How To Make A Stepping Stone Quilt Block

How To Make A Stepping Stone Quilt Block

There are many different patterns you can use to create a quilt block-some being more intricate than others. If you’re new to quilting, the more intricate blocks can be intimidating. So why not start with some basics? This Stepping Stone block is perfect for trying some basic piecing skills.

Tools needed:
- ¼” quilting foot #10
- Darning foot #23
- Rotary cutter, mat, and ruler
- Pinking shears or rotary pinking blade
- Coordinating thread
- Clips or pins

Materials needed:
- 3 coordinating fabrics
- Backing fabric
- Batting- thickness of your choice

Before cutting your fabrics, decide how big you want your finished square to be and which fabrics you want to be the light (A), medium (B) and dark (C).

Start by cutting your (B) and (C) fabrics into 2 ¾” x 2 ¾” squares. You’ll need 4 of each. I cut mine a little bigger because I wanted a bigger finished square.

Next, take your (A) fabric and cut it into 4 rectangles 2 ¾” wide and 5” long. Again, I cut mine a little bit bigger than this.

Now you take 2 of your (B) squares and 2 of your (C) squares. Arrange them with the (B) fabric on the left hand side. Sew them together using your ¼” quilting foot. My (B) fabric is directional so I arranged one row with the (B) fabric on the left side and the other one with the (B) fabric on the right side so the design is going the same way.


Take the 2 rows you just sewed and put them right sides together with the (B) and (C) fabrics diagonal from each other. Match your seam by having the seams going in opposite directions. Pin in place and then sew using a ¼” seam allowance.


Take 2 of your (A) rectangles and sew them to the top and bottom of the square you just made.

Take your remaining (B) and (C) squares and (A) rectangles. Make 2 rows with the (C) squares on top of the (A) rectangles and the (B) squares on the bottom. Again, my (C) fabric is directional so I just sewed these rows opposite each other to make sure the design was going the right direction.

Now take these 2 rows and attach them to either side of your square, having your (B) squares going in a diagonal and your (C) squares going in an opposite diagonal. Make sure to line up your seams like you did when making the main square.

Now you have a Stepping Stone block! The rest of the tutorial is going to be an example of how you can quilt it once the project you’re using this pattern for is complete.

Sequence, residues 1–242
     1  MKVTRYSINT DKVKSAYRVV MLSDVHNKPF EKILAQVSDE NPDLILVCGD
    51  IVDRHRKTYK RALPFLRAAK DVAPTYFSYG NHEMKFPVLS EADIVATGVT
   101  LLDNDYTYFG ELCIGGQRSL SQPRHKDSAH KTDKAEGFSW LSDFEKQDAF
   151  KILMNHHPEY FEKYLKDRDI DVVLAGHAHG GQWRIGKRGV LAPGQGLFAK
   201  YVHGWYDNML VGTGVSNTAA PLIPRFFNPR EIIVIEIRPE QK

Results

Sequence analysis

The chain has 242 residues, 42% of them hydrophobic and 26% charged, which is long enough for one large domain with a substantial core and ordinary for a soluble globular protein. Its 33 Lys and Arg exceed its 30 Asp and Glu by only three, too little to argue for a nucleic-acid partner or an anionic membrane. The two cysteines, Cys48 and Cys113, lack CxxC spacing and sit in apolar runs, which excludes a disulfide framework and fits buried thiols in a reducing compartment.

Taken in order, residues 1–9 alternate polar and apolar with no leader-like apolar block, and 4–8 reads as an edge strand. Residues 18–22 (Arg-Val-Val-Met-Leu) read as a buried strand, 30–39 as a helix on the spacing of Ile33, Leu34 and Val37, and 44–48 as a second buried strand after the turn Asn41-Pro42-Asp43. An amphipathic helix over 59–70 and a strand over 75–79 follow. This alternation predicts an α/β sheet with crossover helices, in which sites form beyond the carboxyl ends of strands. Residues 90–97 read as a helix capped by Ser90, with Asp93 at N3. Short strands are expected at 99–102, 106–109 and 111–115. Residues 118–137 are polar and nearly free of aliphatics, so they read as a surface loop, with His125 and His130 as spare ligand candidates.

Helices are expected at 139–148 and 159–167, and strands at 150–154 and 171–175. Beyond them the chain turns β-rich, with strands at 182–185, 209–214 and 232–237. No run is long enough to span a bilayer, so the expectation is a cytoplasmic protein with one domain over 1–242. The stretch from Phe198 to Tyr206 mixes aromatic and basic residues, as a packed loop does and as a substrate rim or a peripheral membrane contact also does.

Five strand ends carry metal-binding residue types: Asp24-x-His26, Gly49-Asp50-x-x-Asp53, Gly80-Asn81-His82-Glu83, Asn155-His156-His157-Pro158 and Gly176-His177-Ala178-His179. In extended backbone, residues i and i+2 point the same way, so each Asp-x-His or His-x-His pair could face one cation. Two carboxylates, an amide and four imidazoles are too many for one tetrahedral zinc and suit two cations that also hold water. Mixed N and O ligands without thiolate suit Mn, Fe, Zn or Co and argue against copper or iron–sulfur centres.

Once the square is sewn together, measure it and then cut the back and the batting that size. Make your quilt sandwich starting with the back fabric on the bottom, batting in the middle, and then the block on top. Clip or pin in place.


Attach darning foot #23 to your sewing machine and lower the feed dogs. Lowering the feed dogs will help quilting go much smoother...literally. Once that is done, start quilting! You can either go a little slower or if you want, pedal to the floor and go for it! On this block, I tried stipple quilting and honestly, it was so much fun to push my pedal as far as I could and just have fun with it.

And that is how to do a Stepping Stone patterned block! I love how mine turned out using some scraps from previous projects :)

17 comments

  • Thanks for the fun pattern! I’ve got one started out of scraps. No two blocks are the same. I think it’s going to turn out sweet.

    Cindy Nelson
  • Thanks for the fun pattern! I’ve got one started out of scraps. No two blocks are the same. I think it’s going to turn out sweet.

    Cindy Nelson
  • Thank you for the tutorial :):)
    nelly

    nelly valenzuela
  • Thank you

    Nancy Lambert
  • What happened to the bottom edge? Looks very uneven. What is the significance of using pinking shears (or rotary cutter)? But a cute quilt.

    Toni Hannahs

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17 comments

  • Thanks for the fun pattern! I’ve got one started out of scraps. No two blocks are the same. I think it’s going to turn out sweet.

    Cindy Nelson
  • Thanks for the fun pattern! I’ve got one started out of scraps. No two blocks are the same. I think it’s going to turn out sweet.

    Cindy Nelson
  • Thank you for the tutorial :):)
    nelly

    nelly valenzuela
  • Thank you

    Nancy Lambert
  • What happened to the bottom edge? Looks very uneven. What is the significance of using pinking shears (or rotary cutter)? But a cute quilt.

    Toni Hannahs
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